Growing Cauliflower

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Growing Cauliflower

Cauliflower is an excellent crop for backyard growers because you can plant seeds of many different types of cauliflower. While you are likely to find only white cauliflower at the store, you can choose from a wide range of colors, flavors, and textures when growing cauliflower of your own.

growing cauliflower-varieties

When to Grow Cauliflower

Cauliflower is a cool-season crop, meaning it likes to grow in cooler weather with ample moisture. In Zones 9 and 10, cauliflower can be grown in the late winter into early spring or as a fall crop that overwinters. In other areas of the United States, you can grow cauliflower during the cool months of the fall, spring, and even into early summer if you give it a bit of shade. That’s one advantage of growing cauliflower in a pot. You can move it into a cooler location if needed! Cauliflower, like all vegetable crops, enjoys full sun during its appropriate growing seasons. When growing cauliflower off-season (during hot times of the year), you can give your plants some shade to protect them from the high temperatures.

Growing Cauliflower from Seed

Growing cauliflower from seed can be easy, but remember that cauliflower, like all brassicas, are heavy feeders and will need to be fertilized often. Seeds can be started indoors in late spring if you get frost in your area. If you do not get frost, and temperatures are between 60-80°F, you can start the seed outdoors. We recommend that you start seeds in a quality seed starting mix. Seed starting mix is formulated to help seeds sprout easily through the soil and stay moist during the germination process.

Cauliflower seeds, like the seeds of all brassicas, should sprout in 3-10+ days. The key to helping your seeds sprout quickly is to make sure you do not plant them too deeply, and that you cover them with finely sifted soil of about ¼”. By sifting your soil, you can guarantee that no large pieces of soil, mulch, or other particles cover your seeds, which would make it hard for them to sprout. If you are planting in the ground or trays or pots, the soil should remain moist continuously until the seedlings have sprouted. If your seedlings have not sprouted, consult our troubleshooting guide to figure out what could have gone wrong.

Transplanting Cauliflower Seedlings

Once your seedlings have gotten to a healthy size of about 4-5” tall, you can plant your cauliflower plants in your garden. Make sure you water the planting area before and after. When you take the transplant out of the pot, you will likely disturb the roots, and that will cause the plant to be more susceptible to wilting. By watering before and after planting, you can ensure the plant does not wilt too much. Cauliflower requires a spacing of at least 12” between plantings.

Growing Cauliflower Plants

Once your cauliflower has sprouted, you need to get it growing! The first leaves you see on your sprouts are called cotyledons. These are the leaves stored inside the seeds that are part of the plant’s embryo. The leaves that follow are called first true leaves. They are the signal to you that you need to fertilize. The best fertilizer for your baby plants is a liquid fertilizer, with an even number of nitrogen, phosphorus, and potassium. For example, a good product choice is a liquid fish emulsion with 2-2-2. Harsh chemical fertilizers can burn your plants, so use a natural or organic fertilizer if possible.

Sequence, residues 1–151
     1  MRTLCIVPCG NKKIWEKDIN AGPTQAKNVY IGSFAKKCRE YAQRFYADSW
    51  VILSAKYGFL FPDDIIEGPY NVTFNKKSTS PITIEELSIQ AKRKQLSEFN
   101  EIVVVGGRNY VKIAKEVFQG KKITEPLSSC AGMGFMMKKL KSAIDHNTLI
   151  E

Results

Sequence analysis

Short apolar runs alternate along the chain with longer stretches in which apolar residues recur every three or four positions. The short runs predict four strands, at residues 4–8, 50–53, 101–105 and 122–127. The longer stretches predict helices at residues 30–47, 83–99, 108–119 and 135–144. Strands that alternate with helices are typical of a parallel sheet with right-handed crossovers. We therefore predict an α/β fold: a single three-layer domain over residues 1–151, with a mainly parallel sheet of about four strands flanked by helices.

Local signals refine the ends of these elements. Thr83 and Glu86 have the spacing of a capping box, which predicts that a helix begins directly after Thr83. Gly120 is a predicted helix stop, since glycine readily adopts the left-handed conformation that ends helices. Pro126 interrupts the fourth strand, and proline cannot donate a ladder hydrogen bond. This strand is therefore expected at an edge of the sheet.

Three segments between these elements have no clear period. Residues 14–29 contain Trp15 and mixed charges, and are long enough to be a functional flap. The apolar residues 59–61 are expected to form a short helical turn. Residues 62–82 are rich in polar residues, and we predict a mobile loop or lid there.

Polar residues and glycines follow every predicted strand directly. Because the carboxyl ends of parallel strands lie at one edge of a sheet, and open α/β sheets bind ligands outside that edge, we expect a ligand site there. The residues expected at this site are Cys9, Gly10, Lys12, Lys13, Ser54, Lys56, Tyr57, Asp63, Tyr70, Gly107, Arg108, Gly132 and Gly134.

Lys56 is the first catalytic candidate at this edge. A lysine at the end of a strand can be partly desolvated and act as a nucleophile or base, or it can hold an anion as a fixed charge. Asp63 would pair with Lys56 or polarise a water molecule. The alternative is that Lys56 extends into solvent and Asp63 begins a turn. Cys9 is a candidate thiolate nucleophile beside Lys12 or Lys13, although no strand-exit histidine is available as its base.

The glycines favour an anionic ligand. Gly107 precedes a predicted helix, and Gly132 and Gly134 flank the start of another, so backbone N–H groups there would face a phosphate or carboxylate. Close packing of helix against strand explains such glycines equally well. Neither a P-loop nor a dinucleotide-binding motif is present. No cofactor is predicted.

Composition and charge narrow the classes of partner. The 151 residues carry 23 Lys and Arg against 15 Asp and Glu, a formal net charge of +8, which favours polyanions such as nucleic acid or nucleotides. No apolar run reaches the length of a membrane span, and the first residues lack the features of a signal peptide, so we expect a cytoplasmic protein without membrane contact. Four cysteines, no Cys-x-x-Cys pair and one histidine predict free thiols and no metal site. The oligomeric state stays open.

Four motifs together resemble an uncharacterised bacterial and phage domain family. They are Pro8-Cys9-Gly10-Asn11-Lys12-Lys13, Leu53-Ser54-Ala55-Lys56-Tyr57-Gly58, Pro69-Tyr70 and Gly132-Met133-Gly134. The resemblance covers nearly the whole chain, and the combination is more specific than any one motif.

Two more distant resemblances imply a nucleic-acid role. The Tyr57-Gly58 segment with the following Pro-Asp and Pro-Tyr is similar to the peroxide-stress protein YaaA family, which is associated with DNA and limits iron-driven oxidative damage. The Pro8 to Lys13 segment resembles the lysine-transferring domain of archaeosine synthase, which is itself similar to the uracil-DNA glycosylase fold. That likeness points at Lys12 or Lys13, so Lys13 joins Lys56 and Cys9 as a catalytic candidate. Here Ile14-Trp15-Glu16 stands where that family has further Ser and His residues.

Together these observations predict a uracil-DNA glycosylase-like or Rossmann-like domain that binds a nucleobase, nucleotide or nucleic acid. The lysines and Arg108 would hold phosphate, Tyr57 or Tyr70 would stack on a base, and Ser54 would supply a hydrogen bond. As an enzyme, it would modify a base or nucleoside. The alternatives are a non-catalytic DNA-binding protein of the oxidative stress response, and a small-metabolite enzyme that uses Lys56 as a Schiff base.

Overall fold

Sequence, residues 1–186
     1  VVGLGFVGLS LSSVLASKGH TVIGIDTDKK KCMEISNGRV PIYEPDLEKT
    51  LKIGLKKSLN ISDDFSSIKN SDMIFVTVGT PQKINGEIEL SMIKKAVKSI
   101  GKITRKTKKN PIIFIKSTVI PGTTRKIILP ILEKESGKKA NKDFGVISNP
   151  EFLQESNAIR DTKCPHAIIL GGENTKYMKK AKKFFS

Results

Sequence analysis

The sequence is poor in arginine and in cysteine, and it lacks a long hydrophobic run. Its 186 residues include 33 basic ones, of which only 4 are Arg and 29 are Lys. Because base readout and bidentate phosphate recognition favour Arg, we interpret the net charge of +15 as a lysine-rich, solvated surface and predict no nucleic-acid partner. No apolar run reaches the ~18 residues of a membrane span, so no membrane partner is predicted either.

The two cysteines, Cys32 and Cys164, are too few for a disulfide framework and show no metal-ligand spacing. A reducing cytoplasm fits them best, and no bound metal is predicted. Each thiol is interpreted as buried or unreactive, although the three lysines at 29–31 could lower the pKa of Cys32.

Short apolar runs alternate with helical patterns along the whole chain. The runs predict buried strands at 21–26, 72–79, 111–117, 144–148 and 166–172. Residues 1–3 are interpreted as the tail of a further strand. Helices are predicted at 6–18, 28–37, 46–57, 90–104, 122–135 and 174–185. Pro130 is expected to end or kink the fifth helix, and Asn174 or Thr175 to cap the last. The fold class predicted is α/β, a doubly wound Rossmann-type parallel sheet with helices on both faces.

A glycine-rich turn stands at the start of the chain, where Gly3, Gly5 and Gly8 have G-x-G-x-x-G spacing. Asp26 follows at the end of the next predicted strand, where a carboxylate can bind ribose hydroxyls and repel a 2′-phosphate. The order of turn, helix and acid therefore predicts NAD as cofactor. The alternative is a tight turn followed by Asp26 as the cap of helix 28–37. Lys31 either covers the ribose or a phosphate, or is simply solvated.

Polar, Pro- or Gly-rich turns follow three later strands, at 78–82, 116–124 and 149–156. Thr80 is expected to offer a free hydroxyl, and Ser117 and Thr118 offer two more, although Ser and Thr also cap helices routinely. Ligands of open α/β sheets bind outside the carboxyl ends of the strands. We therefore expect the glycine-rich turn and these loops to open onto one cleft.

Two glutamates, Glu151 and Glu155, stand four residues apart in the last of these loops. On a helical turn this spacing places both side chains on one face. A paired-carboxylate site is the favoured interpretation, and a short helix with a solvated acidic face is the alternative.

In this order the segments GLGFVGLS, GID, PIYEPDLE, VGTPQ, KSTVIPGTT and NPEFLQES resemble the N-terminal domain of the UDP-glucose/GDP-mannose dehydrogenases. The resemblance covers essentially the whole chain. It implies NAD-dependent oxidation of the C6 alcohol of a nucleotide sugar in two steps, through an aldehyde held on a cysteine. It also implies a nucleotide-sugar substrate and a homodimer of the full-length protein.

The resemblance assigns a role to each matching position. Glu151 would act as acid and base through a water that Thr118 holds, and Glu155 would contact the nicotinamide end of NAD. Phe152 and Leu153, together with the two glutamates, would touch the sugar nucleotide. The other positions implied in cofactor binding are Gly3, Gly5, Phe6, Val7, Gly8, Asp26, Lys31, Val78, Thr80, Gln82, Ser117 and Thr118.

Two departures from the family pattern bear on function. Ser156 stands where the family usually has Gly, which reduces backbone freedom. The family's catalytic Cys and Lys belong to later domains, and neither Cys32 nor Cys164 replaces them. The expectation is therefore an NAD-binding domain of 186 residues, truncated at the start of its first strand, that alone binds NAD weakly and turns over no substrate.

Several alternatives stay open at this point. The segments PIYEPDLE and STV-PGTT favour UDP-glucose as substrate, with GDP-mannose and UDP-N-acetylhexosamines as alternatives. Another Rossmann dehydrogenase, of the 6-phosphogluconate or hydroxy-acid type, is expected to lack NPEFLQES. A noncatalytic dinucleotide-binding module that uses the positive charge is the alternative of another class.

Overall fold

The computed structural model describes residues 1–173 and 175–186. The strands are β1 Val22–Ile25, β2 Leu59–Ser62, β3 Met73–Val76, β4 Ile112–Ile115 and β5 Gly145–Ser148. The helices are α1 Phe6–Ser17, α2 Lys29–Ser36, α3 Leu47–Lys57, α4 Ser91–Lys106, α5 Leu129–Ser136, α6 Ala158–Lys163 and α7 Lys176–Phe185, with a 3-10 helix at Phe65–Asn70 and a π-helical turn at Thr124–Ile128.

Cauliflower Companion Plants

Cauliflower is a leafy green that can be susceptible to insects that also love their tasty leaves. As a help to this issue, plant companion flowers to bring in beneficial insects to the garden. Cool-season flowers like nasturtium, gaillardia, and borage all do exceptionally well around cauliflower plants. They also look beautiful! Nasturtium and borage blooms are edible and can be used in cauliflower dishes too!

Nasturtium-Companion Plants

Pro Southern California Tip

For those in Zones 9 and 10, starting cauliflower in warmer months can be challenging. If you are trying to start cauliflower during the warmest months of August through October, use shade cloth to protect your baby seedlings until they are well adjusted to the heat or until the days cool off. Layers of mulch and compost help to keep the soil cooler while also keeping moisture in.

Growing Cauliflower in Containers or In-Ground

Cauliflower is an easy plant for growing in-ground and in containers. Cauliflower, like broccoli and cabbage, can get quite large; it will need ample space. If you are growing cauliflower in a container, do not crowd the cauliflower with other plants.

Harvesting Cauliflower

Cauliflower can be harvested when the head is at a size that is worth cutting. Look at the variety description to see how big the cauliflower head will get, and try your best to harvest at the optimal time. It is generally not a good idea to wait too long on harvesting, as the best quality flavor and texture for cauliflower is when it is at its peak ripeness—harvest cauliflower by using a sharp knife to cut the main head from the plant. The leaves can be composted or given to chickens. They are also quite tasty when added to stir-fries or soups.


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